“So, now close your eyes and imagine we have arrived at the year 2030. What does Africa’s education now look like?” invited our facilitator, Dzingai Mutumbuka. My imagination wanders, and I see Africa’s children running around the school, happy, and fulfilled.
Archive for month: June, 2016
According to a review undertaken by Charlotte Waters at the Australian Council for Educational Research (ACER), the citizen-led approach being used in India, Mali, Senegal, Kenya, Tanzania and Uganda is yielding reliable information about children’s basic learning levels, measuring change in these levels and raising awareness of local issues.
LEARNigeria hosted its first Technical Review workshop in Lagos, from 26th -28th, April, 2016 to review its Citizen Led Assessment, develop new test instruments and review the survey methodology.
Uwezo Kenya played host to Malawi and Mauritania from May 25th to the 27th 2016, when they came in for an exposure visit on Citizen-Led Assessments (CLA). Zambia was again hosted by Uwezo Kenya in June. The three countries were in Kenya to learn more about the Citizen-Led Assessment (CLA) Movement.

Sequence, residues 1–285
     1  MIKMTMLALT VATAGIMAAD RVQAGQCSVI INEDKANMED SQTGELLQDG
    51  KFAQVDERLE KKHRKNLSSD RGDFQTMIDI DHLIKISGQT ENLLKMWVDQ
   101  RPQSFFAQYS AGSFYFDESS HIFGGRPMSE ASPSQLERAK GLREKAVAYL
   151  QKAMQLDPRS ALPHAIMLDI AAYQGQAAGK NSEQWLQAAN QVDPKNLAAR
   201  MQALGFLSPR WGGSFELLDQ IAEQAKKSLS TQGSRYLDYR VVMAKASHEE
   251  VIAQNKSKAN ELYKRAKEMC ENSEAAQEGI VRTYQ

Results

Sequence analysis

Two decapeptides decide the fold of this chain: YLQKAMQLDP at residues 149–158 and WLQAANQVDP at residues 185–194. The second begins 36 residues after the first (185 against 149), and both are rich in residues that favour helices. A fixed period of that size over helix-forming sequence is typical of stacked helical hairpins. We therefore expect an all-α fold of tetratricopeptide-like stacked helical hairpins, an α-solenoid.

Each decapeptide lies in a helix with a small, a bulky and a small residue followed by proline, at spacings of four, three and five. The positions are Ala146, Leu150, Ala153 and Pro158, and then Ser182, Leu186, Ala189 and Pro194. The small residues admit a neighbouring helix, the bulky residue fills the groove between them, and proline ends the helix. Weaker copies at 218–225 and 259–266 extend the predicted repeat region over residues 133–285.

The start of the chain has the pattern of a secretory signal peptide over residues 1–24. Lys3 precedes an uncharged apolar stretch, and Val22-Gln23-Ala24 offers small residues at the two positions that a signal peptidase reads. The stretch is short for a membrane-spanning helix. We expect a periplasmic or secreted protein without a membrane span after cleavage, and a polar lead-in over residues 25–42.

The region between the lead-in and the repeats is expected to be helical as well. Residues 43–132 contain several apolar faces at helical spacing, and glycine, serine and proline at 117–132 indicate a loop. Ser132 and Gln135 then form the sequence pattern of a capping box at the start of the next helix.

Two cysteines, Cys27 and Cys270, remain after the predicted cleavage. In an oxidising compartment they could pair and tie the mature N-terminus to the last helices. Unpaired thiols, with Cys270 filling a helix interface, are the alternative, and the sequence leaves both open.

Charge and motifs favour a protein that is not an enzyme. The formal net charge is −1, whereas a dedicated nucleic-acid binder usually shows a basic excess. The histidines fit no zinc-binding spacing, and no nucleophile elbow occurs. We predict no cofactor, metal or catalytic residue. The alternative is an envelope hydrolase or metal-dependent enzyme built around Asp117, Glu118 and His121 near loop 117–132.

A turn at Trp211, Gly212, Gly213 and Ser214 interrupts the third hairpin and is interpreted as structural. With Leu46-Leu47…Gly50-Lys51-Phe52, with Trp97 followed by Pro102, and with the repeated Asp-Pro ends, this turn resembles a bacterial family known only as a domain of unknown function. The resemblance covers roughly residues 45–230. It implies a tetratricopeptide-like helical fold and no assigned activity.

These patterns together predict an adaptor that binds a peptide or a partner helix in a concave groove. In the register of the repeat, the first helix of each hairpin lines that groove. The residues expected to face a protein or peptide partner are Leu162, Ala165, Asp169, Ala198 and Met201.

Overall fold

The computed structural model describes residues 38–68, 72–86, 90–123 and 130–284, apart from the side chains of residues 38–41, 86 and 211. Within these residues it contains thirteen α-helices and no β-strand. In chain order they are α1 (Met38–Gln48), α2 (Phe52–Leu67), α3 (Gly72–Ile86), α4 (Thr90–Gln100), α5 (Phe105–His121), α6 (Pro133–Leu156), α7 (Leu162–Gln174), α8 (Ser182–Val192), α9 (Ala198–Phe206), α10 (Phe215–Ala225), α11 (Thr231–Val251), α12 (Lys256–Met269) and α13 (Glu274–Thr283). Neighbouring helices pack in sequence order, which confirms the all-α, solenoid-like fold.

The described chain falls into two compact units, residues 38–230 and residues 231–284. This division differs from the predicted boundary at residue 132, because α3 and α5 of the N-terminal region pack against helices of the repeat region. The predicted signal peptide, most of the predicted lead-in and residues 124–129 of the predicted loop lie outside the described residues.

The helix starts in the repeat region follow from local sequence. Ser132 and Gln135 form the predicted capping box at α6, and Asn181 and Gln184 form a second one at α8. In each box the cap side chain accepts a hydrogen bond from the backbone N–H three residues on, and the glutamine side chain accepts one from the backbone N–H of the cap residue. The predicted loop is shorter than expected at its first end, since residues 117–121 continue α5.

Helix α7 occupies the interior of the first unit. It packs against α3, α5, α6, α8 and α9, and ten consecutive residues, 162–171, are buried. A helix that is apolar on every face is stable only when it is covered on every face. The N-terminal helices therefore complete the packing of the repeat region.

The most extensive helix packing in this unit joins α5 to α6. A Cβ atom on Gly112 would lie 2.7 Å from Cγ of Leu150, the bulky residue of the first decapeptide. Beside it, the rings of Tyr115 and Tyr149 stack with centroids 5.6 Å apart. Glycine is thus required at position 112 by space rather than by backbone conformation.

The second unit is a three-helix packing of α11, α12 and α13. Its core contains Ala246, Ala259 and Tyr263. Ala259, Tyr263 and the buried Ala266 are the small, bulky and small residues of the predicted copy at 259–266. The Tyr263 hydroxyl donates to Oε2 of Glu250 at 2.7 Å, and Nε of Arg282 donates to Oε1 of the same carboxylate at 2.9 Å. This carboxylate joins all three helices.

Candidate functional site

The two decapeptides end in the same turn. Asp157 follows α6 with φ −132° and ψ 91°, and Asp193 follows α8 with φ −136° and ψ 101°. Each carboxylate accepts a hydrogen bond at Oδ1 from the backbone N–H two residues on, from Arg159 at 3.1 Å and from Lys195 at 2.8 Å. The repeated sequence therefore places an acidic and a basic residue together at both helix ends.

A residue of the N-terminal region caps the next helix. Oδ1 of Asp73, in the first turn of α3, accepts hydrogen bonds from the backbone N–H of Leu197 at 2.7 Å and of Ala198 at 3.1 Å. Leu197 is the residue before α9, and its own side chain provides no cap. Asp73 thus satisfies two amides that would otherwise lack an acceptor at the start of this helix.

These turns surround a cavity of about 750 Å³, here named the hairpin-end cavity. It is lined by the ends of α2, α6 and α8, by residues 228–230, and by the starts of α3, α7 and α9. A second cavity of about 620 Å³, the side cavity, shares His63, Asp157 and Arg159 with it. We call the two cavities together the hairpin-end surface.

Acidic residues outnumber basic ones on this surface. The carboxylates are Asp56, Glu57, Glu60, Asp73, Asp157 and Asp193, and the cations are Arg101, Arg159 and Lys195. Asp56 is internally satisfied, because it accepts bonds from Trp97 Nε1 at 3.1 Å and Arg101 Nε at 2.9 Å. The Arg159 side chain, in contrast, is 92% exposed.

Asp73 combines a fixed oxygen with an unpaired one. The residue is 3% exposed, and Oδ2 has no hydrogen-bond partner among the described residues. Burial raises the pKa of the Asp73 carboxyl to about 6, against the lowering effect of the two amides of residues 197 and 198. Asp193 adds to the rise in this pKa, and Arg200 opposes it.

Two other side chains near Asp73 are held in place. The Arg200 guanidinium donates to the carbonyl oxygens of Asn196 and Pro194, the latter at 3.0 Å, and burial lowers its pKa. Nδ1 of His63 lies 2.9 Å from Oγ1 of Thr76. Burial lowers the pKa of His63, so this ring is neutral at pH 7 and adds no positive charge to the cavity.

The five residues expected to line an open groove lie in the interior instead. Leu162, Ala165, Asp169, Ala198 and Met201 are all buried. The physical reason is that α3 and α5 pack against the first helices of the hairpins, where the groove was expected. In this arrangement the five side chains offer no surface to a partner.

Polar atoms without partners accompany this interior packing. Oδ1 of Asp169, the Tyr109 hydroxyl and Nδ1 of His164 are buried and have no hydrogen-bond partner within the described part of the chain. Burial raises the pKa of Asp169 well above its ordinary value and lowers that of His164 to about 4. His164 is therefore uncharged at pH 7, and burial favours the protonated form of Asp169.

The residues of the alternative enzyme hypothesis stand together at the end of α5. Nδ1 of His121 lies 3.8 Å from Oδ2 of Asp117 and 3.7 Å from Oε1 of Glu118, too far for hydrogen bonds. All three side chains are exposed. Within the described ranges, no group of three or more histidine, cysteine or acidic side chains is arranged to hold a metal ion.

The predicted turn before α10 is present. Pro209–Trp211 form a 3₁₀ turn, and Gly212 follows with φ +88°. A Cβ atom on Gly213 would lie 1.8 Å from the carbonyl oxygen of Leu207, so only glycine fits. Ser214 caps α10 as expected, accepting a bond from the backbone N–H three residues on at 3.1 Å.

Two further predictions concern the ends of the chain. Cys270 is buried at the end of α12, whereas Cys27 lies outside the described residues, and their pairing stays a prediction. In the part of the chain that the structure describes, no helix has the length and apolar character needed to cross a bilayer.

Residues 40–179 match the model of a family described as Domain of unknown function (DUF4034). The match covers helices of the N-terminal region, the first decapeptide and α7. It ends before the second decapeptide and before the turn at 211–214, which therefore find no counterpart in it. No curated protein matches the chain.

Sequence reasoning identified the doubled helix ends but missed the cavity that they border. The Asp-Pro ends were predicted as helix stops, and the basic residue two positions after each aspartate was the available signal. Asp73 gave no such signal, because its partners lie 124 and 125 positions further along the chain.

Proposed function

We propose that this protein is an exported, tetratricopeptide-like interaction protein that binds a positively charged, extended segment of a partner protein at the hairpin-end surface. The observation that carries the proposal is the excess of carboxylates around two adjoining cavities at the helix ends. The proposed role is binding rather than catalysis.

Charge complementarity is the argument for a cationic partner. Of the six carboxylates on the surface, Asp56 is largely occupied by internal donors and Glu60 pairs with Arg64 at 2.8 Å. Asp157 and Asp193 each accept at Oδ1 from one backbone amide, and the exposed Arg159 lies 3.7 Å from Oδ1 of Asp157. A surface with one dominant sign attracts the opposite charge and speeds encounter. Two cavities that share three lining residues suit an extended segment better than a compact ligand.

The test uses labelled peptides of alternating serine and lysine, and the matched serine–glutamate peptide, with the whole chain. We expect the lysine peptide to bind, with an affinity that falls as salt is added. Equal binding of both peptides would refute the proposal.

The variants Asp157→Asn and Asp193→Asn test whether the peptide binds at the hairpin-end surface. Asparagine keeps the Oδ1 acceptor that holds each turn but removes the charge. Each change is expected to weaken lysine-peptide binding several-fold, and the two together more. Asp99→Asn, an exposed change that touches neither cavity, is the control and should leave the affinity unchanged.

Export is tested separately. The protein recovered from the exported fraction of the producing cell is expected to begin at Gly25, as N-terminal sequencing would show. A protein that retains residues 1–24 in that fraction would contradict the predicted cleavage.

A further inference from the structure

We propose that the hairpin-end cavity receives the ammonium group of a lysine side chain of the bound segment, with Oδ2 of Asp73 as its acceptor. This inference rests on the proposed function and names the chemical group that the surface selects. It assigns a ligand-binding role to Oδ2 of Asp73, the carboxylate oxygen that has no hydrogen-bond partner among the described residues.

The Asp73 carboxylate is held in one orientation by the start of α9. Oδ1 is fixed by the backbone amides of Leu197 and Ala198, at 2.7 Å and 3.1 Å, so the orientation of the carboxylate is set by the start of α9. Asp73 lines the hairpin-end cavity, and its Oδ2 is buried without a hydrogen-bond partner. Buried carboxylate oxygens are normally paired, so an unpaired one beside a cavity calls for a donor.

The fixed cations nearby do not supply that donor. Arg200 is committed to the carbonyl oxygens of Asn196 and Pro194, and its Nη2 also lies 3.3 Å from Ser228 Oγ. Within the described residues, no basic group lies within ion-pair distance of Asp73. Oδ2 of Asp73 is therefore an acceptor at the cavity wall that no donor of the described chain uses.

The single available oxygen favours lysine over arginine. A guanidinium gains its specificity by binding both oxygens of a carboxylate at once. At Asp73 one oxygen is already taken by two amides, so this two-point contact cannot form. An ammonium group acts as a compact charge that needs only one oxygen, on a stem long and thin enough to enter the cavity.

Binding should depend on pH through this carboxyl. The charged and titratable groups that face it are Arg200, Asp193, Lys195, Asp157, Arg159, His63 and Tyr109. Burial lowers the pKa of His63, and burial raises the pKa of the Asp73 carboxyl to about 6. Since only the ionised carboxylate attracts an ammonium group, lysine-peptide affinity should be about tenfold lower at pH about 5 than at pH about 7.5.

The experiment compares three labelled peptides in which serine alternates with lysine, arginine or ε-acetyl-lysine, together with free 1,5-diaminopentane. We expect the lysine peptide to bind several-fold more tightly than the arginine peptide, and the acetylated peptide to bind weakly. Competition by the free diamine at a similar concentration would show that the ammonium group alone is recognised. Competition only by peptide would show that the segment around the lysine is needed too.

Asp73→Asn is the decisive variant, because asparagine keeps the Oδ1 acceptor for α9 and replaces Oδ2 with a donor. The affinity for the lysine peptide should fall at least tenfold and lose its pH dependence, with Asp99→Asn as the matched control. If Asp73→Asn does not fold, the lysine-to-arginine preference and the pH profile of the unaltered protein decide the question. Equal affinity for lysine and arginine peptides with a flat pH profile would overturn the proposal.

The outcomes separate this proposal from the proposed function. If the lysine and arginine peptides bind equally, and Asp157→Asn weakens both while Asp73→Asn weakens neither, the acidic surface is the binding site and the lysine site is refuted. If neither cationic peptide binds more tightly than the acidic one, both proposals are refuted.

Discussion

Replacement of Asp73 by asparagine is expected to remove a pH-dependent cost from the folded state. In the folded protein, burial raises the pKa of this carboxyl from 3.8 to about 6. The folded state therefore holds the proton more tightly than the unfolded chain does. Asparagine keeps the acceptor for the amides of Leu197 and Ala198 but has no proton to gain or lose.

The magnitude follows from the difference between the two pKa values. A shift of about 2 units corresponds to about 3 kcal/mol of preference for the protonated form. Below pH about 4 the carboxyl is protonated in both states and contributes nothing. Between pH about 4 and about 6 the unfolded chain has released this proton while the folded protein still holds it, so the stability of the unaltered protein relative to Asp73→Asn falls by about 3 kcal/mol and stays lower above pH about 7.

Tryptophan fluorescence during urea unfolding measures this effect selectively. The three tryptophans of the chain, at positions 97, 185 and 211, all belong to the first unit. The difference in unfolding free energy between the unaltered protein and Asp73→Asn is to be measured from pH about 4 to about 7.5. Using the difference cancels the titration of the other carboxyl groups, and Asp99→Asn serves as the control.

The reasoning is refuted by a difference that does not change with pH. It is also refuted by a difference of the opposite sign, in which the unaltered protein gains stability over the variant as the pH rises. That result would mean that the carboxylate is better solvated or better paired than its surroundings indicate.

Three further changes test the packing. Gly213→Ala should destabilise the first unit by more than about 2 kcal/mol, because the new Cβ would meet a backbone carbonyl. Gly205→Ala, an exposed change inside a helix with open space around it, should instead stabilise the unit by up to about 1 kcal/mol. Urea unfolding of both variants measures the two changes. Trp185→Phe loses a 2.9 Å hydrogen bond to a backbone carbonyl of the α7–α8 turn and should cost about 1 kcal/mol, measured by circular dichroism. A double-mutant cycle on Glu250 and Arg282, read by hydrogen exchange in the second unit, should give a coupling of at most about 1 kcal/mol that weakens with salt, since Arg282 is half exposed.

Many countries at the PAL Network attribute joining the Citizen-Led Assessment (CLA) movement having been inspired by India’s ASER Centre model.
“What nobler employment, or more valuable to the state, than that of the man who instructs the rising generation?” Asks Marcus Cicero in praise of teachers. The Economist magazine recently acclaimed the contribution of teachers in not just educating children and nurturing the future, but even in shaping the economy.
Late in 2015 I jointly posted with Dr. Abhijeet Singh of the Young Lives team in Oxford: Getting learning assessments right when money depends on it about a novel, national scale experiment that directly links financial aid for education to improvements in student learning outcomes.
El proyecto Medición Independiente de Aprendizajes (MIA), arrojó que, entre los estudiantes evaluados de 5º año de primaria, el 25.7 por ciento de los alumnos de Quintana Roo no son capaces de leer una historia de 2º de primaria, contra los 19.4% de Puebla, el 17.6% de Yucatán, y el 13.8% de los niños veracruzanos.
Meet Naisiae. Naisiae is about 28 years old, although she is not sure because, in her community, they do not celebrate birthdays on a calendar. Naisiae lives in a small manyatta (hut made from sticks, cow dung, and grass) on the border of Kenya and Tanzania, with her four children
When assessing whether children can read, we should remember why reading is so critical, and why we should be concerned when children miss out on this critical skill. Everyone reading this blog had a moment in childhood when meaningless swirls on a page began to make sense.